June 22 2015 0Comment

A Look into a Flight Kitchen

TajSATS Air Catering Ltd. is mega-kitchen in the sky. A joint venture of the Taj Hotels Resorts and Palaces and SATS (formerly known as Singapore Airport Terminal Services). The company provides in-flight catering at Mumbai, Delhi, Chennai, Kolkata, Amritsar, Goa and Bangalore. These guys have prepared more than 1,00,00,000 kgs of hot food till 2011, Which offers special meals for Jains, diabetics, infants and children. The TajSats Madras Flight Kitchen has the honour of being ranked 1st in India and 4th in World.

The Taj Flight Kitchen caters 11,000 airplane meals everyday, The Taj Flight kitchen, set just five minutes from the Chennai airport, (“So we can deliver a meal even ten minutes before a flight takes off” smiles the chef) is difficult to describe. Expensive high-tech machinery purrs contentedly besides a row of sizzling kuzhi panniyaram kadais. A revolving sink spraying water jets washes eggs, and high powered dishwashers sterilise crockery, but dal is still meticulously sifted by women, cleaning it the old-fashioned way.

It’s a cross between a busy hotel kitchen and a sterile laboratory. Except for the fact that it’s under unyielding pressure every single hour of every single day. For this kitchen caters 11,000 airplane meals everyday.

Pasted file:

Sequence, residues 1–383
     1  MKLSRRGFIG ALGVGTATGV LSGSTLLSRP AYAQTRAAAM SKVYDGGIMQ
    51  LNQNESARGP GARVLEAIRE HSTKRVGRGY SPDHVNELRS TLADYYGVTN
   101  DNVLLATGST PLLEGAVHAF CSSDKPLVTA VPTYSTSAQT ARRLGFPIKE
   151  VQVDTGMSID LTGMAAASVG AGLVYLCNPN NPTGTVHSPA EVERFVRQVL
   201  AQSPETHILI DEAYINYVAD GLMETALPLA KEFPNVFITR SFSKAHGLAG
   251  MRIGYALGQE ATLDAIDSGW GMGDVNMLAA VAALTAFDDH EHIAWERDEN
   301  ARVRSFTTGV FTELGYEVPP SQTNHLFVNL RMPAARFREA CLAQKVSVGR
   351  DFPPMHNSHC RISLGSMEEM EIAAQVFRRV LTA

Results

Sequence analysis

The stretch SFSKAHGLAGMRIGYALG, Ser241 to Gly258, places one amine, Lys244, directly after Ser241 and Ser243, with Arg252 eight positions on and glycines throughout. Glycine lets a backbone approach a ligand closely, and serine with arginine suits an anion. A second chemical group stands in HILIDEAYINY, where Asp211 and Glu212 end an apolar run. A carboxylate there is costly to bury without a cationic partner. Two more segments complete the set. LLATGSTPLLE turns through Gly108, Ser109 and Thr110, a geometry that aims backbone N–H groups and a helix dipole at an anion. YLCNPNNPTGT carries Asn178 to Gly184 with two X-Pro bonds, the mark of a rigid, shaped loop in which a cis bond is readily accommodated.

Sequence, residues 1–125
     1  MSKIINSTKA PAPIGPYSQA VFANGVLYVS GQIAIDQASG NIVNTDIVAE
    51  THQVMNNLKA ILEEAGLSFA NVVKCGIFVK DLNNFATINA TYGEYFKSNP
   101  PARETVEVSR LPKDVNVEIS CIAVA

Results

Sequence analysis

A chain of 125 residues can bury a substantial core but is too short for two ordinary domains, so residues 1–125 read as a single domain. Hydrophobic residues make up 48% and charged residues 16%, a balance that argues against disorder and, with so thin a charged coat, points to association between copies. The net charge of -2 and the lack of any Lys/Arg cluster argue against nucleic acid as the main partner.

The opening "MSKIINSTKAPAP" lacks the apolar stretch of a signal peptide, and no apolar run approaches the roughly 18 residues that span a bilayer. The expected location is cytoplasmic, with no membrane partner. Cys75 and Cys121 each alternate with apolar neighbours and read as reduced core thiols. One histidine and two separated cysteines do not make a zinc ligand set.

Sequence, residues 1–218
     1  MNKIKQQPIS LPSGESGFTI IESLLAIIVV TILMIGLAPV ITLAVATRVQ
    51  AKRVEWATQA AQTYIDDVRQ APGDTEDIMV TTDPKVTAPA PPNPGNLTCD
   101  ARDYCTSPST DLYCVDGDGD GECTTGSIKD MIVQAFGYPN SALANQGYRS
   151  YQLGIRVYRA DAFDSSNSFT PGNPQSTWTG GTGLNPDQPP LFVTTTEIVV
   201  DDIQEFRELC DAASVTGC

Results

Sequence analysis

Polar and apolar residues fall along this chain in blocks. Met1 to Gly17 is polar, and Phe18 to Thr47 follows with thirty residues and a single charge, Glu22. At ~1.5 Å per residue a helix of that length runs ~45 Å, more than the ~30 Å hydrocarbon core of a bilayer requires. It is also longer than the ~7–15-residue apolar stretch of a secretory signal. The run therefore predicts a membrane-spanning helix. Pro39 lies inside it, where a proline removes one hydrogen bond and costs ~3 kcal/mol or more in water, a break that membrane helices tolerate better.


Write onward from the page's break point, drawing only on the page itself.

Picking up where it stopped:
Since they cater to so many major Airlines, twelve in all including Jet Airways, Air India, Singapore Airlines, Malaysian Airlines and Emirates, they are expected to produce food that is as delicious as it is sterile.

kitchen caters to 120 flights a day, there’s a calm blanketing the entire unit. At the final despatch area, food samples are laid out for inspection, and tightly rolled towels are chilled and sprinkled with cologne for passengers. The stacked trolleys trundle into uploaders, specially constructed vehicles called Hi-Lift (Flight Catering Lift or Aircraft Food Van) specially designed by NANDAN, which then take a special route to the tarmac, where they’re loaded into the aeroplane.

And twenty minutes later, you’re buttering a fresh croissant, 32,000 feet above sea level.